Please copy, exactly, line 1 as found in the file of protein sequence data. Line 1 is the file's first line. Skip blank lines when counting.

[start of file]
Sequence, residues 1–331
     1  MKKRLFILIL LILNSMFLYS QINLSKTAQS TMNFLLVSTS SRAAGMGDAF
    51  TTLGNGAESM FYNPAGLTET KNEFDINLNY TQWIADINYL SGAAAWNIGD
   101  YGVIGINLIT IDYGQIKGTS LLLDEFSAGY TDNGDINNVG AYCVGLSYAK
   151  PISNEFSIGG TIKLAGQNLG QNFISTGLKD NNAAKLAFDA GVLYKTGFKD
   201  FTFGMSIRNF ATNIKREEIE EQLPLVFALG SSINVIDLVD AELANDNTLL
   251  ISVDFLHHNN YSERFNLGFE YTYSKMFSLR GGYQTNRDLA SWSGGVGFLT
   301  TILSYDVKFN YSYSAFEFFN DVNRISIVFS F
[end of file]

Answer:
Sequence, residues 1–331